David Webster’s latest meticulous analysis of the sanctions statistics makes for grim reading. We had thought that sanctions were on the wane and that the DWP were mainly relying on the pernicious impact of the fear that they had induced – as well as turning their attacks onto the sick and disabled; but Universal Credit appears to opening the doors to a new and nasty return. Sanction numbers are not nearly as high as their peak in 2013-14, but they are rising. Worse, they are significantly higher for people on Universal Credit than those on JSA, so as Universal Credit is rolled out to more and more people in more and more areas, we can expect to see sanction numbers increasing. This difference is true for people of all age groups. As if that were not bad enough, the impact of a UC sanction can be much more prolonged than that of a JSA one. Under UC, hardship payments are loans that have to be repaid off future benefits, effectively stretching the period of reduced rations to two and a half times the nominal sanction length. And any further sanctions received during the sanction period no longer run concurrently but are added onto the end. UC also allows sanctions to be applied for the first time to low paid or part time workers earning less than the equivalent of 35 hours a week on the minimum wage. So far a much lower proportion of UC sanctions have been successfully challenged – but that doesn’t mean you shouldn’t try.
ESA sanctions (overwhelmingly for not doing work related activities) are much less common, but there is a disproportionate number of long sanctions. While the most recent figures suggest that the DWP has learnt not to keep discriminating especially hard against people with mental health and behavioural problems, the proportion of sanctions for pregnant women is particularly worrying.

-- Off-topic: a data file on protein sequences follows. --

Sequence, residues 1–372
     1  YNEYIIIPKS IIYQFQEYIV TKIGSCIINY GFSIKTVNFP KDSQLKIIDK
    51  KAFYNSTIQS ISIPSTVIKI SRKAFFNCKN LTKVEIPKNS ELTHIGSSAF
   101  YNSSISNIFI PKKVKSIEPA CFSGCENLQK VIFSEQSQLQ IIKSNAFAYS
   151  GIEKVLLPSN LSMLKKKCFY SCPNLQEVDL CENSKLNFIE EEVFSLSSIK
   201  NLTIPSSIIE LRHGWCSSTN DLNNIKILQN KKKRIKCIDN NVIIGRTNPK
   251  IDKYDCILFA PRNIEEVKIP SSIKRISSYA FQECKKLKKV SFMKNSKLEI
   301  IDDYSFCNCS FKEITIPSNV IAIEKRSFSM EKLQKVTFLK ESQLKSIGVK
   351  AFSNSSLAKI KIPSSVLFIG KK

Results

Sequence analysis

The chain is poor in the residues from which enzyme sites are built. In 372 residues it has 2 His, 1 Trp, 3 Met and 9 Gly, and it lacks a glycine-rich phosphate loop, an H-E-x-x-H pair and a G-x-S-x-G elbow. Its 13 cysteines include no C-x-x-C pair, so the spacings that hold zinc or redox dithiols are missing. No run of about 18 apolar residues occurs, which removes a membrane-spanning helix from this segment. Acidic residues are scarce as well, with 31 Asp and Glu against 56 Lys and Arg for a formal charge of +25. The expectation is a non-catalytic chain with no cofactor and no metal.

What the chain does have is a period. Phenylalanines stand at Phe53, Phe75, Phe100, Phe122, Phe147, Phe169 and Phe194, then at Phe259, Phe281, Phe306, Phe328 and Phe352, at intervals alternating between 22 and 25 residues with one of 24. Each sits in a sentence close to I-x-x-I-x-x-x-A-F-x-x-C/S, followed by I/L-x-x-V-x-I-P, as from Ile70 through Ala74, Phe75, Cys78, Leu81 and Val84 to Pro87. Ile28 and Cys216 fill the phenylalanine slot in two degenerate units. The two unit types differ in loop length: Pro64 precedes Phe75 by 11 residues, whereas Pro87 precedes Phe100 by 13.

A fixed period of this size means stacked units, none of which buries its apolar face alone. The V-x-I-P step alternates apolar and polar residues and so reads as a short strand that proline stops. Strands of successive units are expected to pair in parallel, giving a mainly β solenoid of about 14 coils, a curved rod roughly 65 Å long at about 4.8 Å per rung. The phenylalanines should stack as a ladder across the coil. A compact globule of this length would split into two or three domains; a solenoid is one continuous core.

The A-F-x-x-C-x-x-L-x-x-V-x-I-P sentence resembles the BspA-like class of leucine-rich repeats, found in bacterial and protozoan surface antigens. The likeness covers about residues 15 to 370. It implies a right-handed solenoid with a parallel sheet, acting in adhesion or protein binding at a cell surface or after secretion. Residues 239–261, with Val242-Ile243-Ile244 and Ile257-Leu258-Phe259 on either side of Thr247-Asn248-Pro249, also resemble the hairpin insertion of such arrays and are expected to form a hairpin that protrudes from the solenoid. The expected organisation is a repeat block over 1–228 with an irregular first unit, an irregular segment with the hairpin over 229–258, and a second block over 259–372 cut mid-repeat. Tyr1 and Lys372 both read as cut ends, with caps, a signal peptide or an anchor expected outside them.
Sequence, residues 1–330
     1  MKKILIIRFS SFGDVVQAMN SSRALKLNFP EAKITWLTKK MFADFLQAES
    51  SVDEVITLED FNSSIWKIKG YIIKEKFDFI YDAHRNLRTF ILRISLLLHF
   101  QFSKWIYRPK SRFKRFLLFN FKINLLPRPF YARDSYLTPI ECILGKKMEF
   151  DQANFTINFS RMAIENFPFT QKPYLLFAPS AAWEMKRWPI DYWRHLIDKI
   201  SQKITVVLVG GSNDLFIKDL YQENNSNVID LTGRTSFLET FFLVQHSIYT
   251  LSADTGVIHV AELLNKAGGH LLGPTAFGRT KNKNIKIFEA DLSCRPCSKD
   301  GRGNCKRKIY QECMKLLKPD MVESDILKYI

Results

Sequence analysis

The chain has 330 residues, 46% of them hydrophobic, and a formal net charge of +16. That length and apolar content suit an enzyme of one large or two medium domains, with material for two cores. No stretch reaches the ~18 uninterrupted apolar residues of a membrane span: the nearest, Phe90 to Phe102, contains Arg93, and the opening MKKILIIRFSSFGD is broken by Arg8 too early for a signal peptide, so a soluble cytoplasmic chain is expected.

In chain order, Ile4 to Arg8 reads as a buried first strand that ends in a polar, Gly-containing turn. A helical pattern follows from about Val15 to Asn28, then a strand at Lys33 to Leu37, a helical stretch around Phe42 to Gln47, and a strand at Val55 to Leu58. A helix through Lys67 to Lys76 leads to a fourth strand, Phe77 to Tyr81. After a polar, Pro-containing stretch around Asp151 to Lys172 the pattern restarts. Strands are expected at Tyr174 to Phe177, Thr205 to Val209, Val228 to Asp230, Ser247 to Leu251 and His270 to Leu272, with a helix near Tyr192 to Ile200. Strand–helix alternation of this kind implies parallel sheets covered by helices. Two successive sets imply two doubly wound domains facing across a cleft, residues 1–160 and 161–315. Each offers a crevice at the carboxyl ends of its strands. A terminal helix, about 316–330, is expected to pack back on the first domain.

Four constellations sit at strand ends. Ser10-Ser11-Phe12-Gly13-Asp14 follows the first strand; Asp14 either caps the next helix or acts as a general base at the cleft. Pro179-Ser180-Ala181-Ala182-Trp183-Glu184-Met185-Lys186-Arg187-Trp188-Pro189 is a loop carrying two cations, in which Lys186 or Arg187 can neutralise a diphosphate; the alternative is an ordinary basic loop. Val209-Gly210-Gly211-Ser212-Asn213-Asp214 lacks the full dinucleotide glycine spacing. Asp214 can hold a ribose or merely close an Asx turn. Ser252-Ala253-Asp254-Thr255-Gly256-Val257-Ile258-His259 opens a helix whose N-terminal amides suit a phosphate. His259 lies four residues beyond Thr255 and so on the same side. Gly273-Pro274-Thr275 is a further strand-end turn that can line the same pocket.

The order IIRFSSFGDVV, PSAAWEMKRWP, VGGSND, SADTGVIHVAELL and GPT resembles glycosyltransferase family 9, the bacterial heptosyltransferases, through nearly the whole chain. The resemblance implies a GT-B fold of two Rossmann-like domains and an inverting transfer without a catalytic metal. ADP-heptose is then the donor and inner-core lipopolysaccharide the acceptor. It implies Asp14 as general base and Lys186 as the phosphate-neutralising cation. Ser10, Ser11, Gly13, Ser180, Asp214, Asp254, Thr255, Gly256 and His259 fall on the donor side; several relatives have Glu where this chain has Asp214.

The statistics also show a significant fall in the proportion of eligible people applying for JSA, from an estimated 69% in 2009/10 to 56% in 2015/16. This is only to be expected, as people struggle to survive on next to nothing rather than face the worries and humiliations of the jobcentre. The problem is particularly bad among young people.
David Webster also points out that:
The UK Government response to the Public Accounts Committee Inquiry on benefit sanctions has still not been published, despite being due in April.
A new research paper has provided hard evidence that poor quality work can be worse for you than being unemployed. This was reported on by the Financial Times, which added that this would likely also worsen productivity [and thus the employers’ bottom lines!].
A recent study has exposed the huge decline in local welfare schemes in England. It includes the observation that this will not save money as the costs of the necessary later interventions will be much higher.
You can read David Webster’s full report here: 17-08 Sanctions Stats Briefing – D.Webster As he notes, the DWP’s statistics collection and publication still falls far short of the requirements of the United Kingdom Statistics Authority
The picture shows Dundee’s Trussel Trust Foodbank